Transnistria is an unrecognised state sandwiched between Moldova and Ukraine. Officially a part of Moldova, it has its own government, currency, military, police, vehicle registration system and the main language is Russian.
However, it is only recognised by three other partially recognised post-soviet states: Abkhazia, Artsakh and South Ossetia, whose flags are proudly flown in Transnistria’s capital’s main square.
Transnistria’s current status can be traced back to the disintegration of the Soviet Union when the region split from the Moldovian S.S.R in an aim to remain part of the Soviet Union in case Moldova were to unify with Romania. Soviet symbols are still widely used across the country and the original Moldovian S.S.R’s flag is identical to Transnistria’s current one.
Transnistria’s large ethnically Russian population is responsible for the state’s strong Russian identity with the region having previously asked to be annexed by Russia.
I felt intimidated by the barbed wire, souped up Russian military vehicles and soldiers in uniform at the highly militarised Transnistrian border. The design was more makeshift than other land borders, with pop-up shipping container buildings. The only two members of border staff were perfectly pleasant - I had to pay €8 for a vignette and my passport wasn’t stamped but instead I was given a flimsy paper migration card valid for five days.
After being allowed in, I drove straight to my hotel which I had to find by my rough memory of the city layout as neither my phone nor sat-nav worked here.
I spent my first day in Transnistria’s capital, Tiraspol.
My first task was to get the money I had brought with me changed into the local Transnistrian Rouble - foreign bank cards do not work on local cash machines.
Although similar to other major post-soviet cities, Tiraspol carries a certain uniqueness. The main boulevard is lined with patriotic billboards featuring the country’s crest and flag.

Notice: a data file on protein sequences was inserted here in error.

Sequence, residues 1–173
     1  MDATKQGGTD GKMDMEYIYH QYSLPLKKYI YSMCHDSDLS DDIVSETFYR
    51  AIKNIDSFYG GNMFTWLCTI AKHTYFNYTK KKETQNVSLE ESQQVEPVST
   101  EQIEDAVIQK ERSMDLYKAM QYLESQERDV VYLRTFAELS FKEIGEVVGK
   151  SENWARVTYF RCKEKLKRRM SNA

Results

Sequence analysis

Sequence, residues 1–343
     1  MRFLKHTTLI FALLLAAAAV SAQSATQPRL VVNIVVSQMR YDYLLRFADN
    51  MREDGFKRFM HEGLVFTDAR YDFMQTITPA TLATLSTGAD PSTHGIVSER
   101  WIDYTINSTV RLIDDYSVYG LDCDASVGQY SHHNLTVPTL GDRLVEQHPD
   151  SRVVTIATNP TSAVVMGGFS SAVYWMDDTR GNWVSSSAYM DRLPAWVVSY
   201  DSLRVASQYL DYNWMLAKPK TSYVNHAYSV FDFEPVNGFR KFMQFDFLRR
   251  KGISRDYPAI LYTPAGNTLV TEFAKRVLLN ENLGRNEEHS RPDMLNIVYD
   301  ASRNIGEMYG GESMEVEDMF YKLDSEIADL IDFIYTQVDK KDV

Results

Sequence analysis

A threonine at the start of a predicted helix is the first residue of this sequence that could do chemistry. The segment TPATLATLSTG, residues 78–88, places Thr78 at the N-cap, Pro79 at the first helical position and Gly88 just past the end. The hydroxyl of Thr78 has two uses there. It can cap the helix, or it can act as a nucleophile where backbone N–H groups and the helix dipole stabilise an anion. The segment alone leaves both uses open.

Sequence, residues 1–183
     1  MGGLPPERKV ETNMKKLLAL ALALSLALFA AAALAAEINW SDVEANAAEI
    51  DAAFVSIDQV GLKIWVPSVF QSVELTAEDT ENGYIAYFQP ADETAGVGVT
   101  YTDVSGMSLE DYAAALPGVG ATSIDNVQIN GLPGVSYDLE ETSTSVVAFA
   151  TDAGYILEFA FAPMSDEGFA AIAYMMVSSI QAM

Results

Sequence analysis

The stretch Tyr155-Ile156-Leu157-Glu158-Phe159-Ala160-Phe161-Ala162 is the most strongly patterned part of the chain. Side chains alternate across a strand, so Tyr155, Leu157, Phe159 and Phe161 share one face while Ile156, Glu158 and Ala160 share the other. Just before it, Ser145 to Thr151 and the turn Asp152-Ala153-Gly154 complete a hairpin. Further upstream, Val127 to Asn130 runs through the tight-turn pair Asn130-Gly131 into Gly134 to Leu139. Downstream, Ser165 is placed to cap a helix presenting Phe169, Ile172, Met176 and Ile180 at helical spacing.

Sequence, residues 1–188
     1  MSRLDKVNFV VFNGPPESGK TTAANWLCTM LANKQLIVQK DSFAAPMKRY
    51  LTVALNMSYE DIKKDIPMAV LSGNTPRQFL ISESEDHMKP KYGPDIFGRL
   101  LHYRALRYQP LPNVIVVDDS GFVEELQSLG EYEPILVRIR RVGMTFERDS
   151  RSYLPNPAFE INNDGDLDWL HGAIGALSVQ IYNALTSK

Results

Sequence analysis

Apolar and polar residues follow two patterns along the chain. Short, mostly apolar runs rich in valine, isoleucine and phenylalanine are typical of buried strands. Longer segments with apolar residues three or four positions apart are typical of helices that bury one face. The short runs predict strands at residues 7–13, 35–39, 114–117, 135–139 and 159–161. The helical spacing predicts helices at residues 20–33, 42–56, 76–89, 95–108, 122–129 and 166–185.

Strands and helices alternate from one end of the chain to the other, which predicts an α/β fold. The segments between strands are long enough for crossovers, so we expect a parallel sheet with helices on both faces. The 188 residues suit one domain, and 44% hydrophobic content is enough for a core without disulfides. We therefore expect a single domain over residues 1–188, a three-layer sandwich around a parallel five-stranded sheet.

The flags of both Transnistria and Russia are proudly flown in places across the city centre and you’ll find war memorials featuring old Soviet tanks and planes across Tiraspol, while the roads are filled with classic Soviet vehicles.
The city centre features both extravagant Stalinist and some pre-revolutionary Russian architecture. There were also a few modern buildings similar to what you may find in Moscow, Nur-Sultan or Bakù with parts of the downtown area even having a relatively affluent feel to them.
The outer city is dominated by Kruschev and Breschnev era cookie cutter apartment buildings as well as some types of heavy industry.
The traffic was calm and the locals were forgiving when I was routinely holding everyone up in the wrong lane.
On my second day in Transnistria I drove from Tiraspol all the way to the state’s northernmost point near the border with Ukraine, via the the city of Rîbnița.
The main road across the country resembled one side of a British motorway - three lanes but with two way traffic. The condition of the road wasn’t bad but it was quite bumpy. Any lane would be used by a car going any way with some cars overtaking an overtaking car
The country is filled with old Soviet style mosaics, war memorials, and extravagant unique signs welcoming you to every town you pass which all remain in very good condition.
I found the people of Transnistria to be sincere, charming and curious as to why I had come to such a place - unfortunately my conversations were very limited thanks to my lack of Russian.
Having spent two full days in Transnistria, I packed up my things and headed to Ukraine.
A bumpy journey through Ukraine
Crossing a country’s border in a car can be a draining task - guards are often very intimidating and you are usually treated with suspicion.
I was therefore relieved to find that entering Ukraine wasn’t what I expected with very cheerful guards keen to chat and find out where I was from and what I was doing - this warm welcome may have been due to Ukraine’s effort in boosting its tourism industry.
Relieved with the pleasant border crossing I arrived in Ukraine’s Odessa Oblast at around 10 in the morning. I’d planned to be in the North-Eastern city of Kharkiv that night - this would not be the case.
Within minutes of leaving the border I noticed that the road quality here was significantly worse than both Moldova and Transnistria. The roads were incredibly bumpy, filled with giant potholes and in some places, where lorries had gradually sunk their tyres into the surface, the road had little mountain-like formations on them.